Diary of a New Food Truck Owner: Part One

Diary of a New Food Truck Owner is an ongoing series where we talk with Meg Hilgartner and Siri Skelton, owners of a fledgling San Francisco mobile soft-serve ice cream business called Twirl and Dip. In this first entry, Meg describes wrangling a 500-pound industrial soft-serve machine, and having to throw away the results of most of their recipe-testing sessions.

We didn't want to work at night anymore. We both worked at restaurants, and we were sick of slaving away while all our friends were at parties. So we wanted to start our own food-service business, something we could run in the daytime. We kicked a lot of ideas around, but we settled on soft-serve ice cream because most of the stuff around here is terrible. There's vanilla that doesn't taste like vanilla, chocolate that doesn't taste like chocolate, the soft texture is nice but the flavor is awful. We knew we could do better.

The first thing we had to get was a soft-serve machine. There are a few home machines, but generally it's a product that you need an industrial machine to make. We found one used we thought we could afford, but when we drove out to see it, the people selling it wouldn't turn it on to show us it worked. "You can't run the machine without product in it," they said. "It'll ruin the machine!" Which we now know is true but at the time we were like "Ooooookay, then."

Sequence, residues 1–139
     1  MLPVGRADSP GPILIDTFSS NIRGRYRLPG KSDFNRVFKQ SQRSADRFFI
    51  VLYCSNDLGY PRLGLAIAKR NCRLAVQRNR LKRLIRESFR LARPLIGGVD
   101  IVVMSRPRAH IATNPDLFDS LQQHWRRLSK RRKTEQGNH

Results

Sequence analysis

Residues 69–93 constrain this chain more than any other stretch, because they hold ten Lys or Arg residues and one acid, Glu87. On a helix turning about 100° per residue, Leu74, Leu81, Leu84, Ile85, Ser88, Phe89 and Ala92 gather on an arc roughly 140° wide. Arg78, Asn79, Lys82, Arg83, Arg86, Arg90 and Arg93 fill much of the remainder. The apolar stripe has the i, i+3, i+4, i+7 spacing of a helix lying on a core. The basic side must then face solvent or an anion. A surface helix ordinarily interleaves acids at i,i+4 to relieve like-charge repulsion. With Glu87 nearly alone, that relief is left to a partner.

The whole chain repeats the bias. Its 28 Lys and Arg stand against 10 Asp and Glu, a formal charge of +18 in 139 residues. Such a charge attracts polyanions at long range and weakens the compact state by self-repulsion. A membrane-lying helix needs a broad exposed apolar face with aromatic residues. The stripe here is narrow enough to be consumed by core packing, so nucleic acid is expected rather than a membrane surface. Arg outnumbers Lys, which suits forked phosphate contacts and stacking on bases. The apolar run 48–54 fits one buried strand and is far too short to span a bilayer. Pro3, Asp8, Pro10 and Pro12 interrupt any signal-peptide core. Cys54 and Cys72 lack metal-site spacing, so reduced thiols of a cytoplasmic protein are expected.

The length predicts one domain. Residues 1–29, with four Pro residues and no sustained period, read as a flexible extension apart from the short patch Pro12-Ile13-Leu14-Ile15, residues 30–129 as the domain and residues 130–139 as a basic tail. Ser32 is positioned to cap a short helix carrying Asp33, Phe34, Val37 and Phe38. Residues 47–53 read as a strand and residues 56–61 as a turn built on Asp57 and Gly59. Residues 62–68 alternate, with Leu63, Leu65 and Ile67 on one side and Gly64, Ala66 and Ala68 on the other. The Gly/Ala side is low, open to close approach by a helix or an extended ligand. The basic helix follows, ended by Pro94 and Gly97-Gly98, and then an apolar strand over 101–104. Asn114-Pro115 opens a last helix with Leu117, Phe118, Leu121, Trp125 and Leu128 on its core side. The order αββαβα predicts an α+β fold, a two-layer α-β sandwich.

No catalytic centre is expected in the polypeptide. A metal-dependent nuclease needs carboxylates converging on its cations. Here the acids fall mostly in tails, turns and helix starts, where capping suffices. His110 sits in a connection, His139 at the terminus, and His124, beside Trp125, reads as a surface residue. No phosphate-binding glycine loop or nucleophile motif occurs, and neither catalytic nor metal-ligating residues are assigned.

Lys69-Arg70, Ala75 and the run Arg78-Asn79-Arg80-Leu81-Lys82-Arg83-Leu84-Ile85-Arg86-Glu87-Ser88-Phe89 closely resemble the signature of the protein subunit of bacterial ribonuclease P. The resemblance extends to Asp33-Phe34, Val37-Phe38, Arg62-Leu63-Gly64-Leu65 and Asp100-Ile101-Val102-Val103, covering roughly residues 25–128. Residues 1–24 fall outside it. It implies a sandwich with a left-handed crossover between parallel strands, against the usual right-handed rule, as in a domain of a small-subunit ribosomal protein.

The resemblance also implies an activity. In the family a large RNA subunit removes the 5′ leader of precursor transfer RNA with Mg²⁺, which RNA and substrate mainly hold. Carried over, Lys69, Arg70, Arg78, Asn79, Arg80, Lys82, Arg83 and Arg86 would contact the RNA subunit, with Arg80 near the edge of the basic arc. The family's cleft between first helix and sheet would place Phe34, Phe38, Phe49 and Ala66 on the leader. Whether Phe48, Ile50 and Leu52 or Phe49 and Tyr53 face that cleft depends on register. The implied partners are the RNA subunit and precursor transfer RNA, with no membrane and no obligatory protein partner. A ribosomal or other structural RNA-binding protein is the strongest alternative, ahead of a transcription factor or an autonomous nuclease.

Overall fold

In the end we handed the guy $5000 and we were the owners of a 500-pound machine that possibly worked...which we had to then get home. We'd thought far ahead enough to bring a truck and a big guy, but we didn't have anything to secure the machine with in the truck bed, or oh, a ramp to get it up on the truck or anything. Thank God the people selling it had a ramp, but then there it was, on the truck, and no ramp to get it off. Oh, and by the way, once you get it off, to make it function, you have to have 220 volt electricity instead of the 110 that you have in houses.

We ended up having to rent a ramp from a builder's supply company, and leaving the machine at a relative's house. Now every time we want to test a recipe, we have to make up the ice cream mixture at my house, then drive half an hour to the machine to see if it works.

Right away we realized by choosing soft-serve we gave ourselves a couple of unique problems. One, we were going to have a hell of a time developing recipes, because there really aren't any recipe books for soft-serve ice cream. Most soft-serve is made from this industrial powder that you mix with water, which is why it tastes so bad. And two, we wouldn't be able to store what ice cream we made, for later tastings, say, to compare two versions of a flavor we made. Soft-serve ice cream isn't like regular ice cream. Regular ice cream, you mix it up, you freeze it, then you can store it indefinitely in a freezer. Soft serve isn't storable. Once the ice cream is mixed, it has to go through the machine to get to the right texture, and once it comes out it has to be eaten right away. If you freeze it, it turns into a big, icy mess. We wanted to do some really different flavors, so this was going to be hard.

Next installment: Meg and Siri look for real estate and start the recipe development process.